Hillman Hall received LEED Platinum certification in 2015, and its design integrates highly efficient heating and cooling systems, LED lighting, as well as a large rain garden, green roof, and abundant native plantings. Hillman Hall is the university’s second LEED Platinum project and the first on the Danforth Campus. It is also the first academic building to receive the distinction. Learn more about Hillman Hall in the Source.

The Lofts of Washington University

The Lofts of Washington University, an $80 million residential and retail project, was awarded LEED Platinum certification in 2014 and is the university’s first LEED Platinum project. Designed to be 46 percent more efficient than standard construction, the student apartment and retail complex was designed to minimize impact on the environment while creating healthy spaces for people. Solar thermal panels heat 25 percent of the building’s domestic hot water; solar photovoltaic cells provide 10 percent of the electrical needs; rain gardens treat storm water; and the building’s signature aluminum sunshades serve as both a bold design element and an effective tool to keep apartments comfortable. The Lofts is a 206,000 sq. ft. set of buildings. Learn more about the Loft’s certification on The Source.

Knight Hall and Bauer Hall

The Olin Business School celebrated the opening of Knight Hall and Bauer Hall in spring 2014. Knight and Bauer Halls are joined by a breath-taking three-story atrium that rises above the open space at the center called the Frick Forum. The defining feature of the buildings is the use of natural light that penetrates all five floors. Knight and Bauer Hall are a combined 175,000 sq. ft. Learn more about Knight and Bauer Hall’s certification, including a video highlighting its green design features, on The Source.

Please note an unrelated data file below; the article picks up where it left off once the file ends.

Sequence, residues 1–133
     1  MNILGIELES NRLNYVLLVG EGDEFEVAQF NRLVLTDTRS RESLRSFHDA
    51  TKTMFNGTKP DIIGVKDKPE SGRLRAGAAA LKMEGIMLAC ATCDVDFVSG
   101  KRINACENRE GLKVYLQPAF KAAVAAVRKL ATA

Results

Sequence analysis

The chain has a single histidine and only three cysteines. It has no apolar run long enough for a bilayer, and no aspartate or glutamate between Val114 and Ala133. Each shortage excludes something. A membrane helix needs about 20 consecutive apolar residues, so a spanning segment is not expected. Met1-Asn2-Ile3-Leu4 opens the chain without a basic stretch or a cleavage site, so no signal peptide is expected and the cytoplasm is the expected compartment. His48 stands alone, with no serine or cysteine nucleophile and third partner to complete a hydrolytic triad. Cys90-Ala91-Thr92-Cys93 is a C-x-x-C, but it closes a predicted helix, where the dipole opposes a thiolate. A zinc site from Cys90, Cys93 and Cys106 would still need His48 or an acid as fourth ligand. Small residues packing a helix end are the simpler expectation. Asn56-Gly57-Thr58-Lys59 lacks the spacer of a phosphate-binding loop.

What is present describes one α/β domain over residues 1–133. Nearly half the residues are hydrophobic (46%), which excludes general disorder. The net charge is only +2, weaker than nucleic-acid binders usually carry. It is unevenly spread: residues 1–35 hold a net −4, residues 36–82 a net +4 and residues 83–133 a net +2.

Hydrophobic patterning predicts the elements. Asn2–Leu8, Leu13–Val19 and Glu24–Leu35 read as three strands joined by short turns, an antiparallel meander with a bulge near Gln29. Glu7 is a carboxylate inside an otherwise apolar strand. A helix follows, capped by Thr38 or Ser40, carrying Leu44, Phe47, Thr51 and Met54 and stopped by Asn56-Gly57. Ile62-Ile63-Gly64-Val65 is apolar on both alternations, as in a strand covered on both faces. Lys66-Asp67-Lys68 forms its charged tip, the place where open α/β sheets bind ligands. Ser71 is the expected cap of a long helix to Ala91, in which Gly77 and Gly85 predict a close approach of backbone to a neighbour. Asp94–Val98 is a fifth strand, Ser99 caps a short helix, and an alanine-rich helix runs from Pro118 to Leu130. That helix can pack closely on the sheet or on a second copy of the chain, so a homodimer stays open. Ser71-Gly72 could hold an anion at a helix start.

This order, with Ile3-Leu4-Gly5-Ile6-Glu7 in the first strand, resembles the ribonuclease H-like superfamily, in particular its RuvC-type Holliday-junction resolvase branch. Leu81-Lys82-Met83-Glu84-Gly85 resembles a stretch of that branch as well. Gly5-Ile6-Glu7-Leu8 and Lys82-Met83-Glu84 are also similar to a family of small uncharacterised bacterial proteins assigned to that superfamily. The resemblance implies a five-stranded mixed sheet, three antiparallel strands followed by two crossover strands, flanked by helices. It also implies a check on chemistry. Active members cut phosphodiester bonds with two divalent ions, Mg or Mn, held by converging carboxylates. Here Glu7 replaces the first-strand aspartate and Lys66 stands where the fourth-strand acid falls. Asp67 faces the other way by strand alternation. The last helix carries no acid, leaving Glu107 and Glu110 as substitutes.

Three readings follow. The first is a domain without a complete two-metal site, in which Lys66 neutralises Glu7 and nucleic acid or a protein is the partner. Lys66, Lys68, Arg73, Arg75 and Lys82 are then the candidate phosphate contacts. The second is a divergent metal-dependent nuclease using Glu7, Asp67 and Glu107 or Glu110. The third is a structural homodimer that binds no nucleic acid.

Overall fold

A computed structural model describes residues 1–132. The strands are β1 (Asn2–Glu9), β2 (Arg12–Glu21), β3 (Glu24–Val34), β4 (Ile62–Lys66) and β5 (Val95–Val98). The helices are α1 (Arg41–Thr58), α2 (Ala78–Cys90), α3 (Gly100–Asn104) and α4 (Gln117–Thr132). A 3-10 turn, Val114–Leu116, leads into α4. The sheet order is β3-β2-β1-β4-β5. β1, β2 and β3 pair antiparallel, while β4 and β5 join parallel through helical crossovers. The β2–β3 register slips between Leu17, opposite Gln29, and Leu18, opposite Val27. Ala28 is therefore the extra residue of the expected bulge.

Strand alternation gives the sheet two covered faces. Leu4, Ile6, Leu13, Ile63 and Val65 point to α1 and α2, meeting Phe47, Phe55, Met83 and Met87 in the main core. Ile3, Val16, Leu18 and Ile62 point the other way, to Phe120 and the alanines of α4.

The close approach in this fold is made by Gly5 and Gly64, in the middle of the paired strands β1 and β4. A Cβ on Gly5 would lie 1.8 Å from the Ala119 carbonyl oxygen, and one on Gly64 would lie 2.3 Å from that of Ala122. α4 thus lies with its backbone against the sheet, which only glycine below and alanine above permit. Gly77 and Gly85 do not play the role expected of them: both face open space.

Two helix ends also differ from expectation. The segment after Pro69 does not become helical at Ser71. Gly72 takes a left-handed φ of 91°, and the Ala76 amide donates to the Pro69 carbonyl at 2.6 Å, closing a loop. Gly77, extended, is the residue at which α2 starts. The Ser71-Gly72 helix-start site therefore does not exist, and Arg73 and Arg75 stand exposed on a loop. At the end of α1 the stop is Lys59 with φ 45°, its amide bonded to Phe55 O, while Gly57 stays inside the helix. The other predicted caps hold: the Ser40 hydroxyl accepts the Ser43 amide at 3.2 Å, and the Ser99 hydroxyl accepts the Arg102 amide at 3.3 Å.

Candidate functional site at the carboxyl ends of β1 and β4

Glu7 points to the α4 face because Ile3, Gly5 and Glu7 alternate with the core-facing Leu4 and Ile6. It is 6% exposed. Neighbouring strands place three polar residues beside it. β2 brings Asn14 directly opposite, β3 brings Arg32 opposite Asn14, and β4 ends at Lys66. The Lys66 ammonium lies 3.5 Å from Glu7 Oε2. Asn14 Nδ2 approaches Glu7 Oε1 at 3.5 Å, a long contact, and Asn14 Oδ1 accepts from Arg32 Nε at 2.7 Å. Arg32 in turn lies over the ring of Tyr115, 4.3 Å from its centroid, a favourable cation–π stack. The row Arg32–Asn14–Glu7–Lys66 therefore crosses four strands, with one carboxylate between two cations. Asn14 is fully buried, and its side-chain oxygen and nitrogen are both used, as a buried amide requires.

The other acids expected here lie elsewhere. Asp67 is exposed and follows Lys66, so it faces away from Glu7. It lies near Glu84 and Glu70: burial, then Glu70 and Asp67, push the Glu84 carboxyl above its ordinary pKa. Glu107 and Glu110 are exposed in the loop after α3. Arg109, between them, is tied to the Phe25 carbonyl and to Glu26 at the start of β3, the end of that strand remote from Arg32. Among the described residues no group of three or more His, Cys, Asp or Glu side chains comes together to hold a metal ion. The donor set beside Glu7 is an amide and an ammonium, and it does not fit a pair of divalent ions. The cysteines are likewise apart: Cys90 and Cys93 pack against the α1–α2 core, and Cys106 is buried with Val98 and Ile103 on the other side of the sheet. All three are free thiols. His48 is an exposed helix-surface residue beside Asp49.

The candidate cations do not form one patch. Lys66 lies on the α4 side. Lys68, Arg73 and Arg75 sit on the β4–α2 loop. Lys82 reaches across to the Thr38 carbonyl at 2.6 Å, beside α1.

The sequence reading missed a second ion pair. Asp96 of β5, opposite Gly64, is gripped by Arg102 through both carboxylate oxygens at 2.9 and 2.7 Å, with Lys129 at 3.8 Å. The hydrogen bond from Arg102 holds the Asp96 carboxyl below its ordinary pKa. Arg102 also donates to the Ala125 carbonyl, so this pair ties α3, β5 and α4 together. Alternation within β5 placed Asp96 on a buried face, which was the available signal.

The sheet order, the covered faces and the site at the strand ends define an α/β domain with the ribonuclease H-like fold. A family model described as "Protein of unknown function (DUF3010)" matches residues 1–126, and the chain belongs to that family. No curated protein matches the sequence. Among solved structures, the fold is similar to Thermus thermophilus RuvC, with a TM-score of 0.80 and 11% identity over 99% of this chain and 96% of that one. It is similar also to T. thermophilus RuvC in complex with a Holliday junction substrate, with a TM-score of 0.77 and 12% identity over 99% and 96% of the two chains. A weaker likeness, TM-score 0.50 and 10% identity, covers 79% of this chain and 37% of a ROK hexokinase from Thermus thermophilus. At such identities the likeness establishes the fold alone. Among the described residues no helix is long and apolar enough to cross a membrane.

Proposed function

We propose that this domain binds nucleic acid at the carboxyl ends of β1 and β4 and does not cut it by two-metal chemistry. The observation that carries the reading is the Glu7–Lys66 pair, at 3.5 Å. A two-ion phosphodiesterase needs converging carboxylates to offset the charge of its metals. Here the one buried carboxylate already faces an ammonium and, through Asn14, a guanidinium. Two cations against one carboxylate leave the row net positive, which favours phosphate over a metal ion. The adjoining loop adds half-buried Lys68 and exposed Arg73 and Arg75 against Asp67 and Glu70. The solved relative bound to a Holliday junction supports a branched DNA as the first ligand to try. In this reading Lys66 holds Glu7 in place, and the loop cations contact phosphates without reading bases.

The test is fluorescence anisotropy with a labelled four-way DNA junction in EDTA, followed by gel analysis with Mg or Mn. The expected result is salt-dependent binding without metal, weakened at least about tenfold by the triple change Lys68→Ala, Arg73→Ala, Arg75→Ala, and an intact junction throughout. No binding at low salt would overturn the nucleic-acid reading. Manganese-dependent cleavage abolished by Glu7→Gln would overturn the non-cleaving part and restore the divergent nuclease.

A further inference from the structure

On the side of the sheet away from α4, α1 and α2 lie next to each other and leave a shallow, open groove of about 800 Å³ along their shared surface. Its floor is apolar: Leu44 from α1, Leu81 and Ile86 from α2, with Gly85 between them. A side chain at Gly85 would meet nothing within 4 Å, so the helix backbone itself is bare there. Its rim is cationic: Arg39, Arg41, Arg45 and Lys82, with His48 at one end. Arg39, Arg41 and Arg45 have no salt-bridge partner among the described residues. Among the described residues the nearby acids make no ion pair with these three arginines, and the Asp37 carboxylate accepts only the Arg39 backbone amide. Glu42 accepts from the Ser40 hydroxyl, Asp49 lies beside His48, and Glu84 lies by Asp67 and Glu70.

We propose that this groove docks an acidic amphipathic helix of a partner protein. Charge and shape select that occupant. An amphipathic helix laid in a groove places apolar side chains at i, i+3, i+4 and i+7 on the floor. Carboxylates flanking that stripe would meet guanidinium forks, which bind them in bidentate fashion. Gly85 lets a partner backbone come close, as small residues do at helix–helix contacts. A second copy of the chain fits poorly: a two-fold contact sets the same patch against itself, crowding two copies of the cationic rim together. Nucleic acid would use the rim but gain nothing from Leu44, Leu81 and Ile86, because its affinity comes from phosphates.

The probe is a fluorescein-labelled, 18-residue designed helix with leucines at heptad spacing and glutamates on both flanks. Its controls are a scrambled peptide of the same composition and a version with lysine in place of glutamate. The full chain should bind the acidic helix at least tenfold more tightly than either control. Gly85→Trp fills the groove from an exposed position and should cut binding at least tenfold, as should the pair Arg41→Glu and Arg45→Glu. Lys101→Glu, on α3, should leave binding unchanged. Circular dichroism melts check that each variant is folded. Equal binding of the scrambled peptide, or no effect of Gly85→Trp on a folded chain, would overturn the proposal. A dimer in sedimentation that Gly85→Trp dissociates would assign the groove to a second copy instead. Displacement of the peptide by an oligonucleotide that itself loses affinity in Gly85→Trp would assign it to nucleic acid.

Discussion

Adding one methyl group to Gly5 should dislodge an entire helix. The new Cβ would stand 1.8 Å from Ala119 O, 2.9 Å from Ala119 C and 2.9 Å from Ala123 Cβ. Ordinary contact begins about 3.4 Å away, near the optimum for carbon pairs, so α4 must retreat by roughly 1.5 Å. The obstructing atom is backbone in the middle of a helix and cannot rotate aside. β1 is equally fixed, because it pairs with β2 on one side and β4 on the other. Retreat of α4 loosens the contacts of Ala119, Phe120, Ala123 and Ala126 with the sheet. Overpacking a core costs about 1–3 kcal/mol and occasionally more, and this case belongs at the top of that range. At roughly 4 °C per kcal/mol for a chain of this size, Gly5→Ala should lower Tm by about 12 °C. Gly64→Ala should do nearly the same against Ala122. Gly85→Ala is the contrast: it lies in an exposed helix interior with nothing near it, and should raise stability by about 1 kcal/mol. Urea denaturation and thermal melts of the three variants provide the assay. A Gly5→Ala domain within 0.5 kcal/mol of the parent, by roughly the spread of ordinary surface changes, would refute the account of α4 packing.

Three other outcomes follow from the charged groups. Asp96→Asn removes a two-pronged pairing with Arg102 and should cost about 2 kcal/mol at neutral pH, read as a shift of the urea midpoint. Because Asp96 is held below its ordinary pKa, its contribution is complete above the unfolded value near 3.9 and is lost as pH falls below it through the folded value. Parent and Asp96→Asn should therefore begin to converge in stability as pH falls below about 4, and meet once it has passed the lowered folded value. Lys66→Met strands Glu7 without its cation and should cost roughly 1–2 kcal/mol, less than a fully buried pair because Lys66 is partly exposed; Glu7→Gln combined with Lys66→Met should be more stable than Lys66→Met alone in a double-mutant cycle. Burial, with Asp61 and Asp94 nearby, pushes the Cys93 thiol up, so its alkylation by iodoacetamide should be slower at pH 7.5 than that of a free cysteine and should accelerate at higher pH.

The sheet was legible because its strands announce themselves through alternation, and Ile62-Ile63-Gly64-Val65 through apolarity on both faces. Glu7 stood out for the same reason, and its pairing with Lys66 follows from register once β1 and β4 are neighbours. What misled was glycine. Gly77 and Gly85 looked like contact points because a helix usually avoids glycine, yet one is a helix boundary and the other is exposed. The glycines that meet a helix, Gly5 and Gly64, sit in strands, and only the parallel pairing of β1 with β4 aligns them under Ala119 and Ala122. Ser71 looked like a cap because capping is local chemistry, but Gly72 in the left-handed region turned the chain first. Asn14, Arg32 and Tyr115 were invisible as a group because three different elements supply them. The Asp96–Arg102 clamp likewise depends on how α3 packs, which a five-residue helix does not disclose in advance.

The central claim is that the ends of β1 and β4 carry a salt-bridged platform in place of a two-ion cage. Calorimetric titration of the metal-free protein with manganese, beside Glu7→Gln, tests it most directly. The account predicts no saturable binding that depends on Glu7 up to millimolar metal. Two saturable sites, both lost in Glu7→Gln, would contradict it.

BJC Institute of Health

The BJC Institute of Health (BJCIH) on the School of Medicine Campus is LEED gold certified and features a flexible floor plan that allows for efficient transitions when uses change in the building. It is the first project that WashU certified using the LEED Core and Shell certification. The adjacent Ellen S. Clark Hope Plaza, designed by renowned artist and designer Maya Lin, is a stunning green roof, featuring a reflecting pool and native Missouri plants. BJCIH is primarily a laboratory building developed through a partnership of BJC HealthCare and the Washington University School of Medicine. It totals 680,000 sq. ft. Learn more about the BJCIH on the School of Medicine’s website and learn about the building’s dedication in The Source.

McMillan Hall Addition

McMillan Hall is one of WashU’s oldest and most revered buildings. When it came time to add lab and classroom space, the project had to proceed with reverence for McMillan Hall’s historic character. The result is a high-performance addition that blends perfectly into the hillside on which McMillan Hall sits. There is a green roof on the addition which includes garden space cultivated by faculty and students from the Department of Anthropology to teach and learn about plants and ethnobotany. Learn more about the McMillan Addition in The Source.

Preston M. Green Hall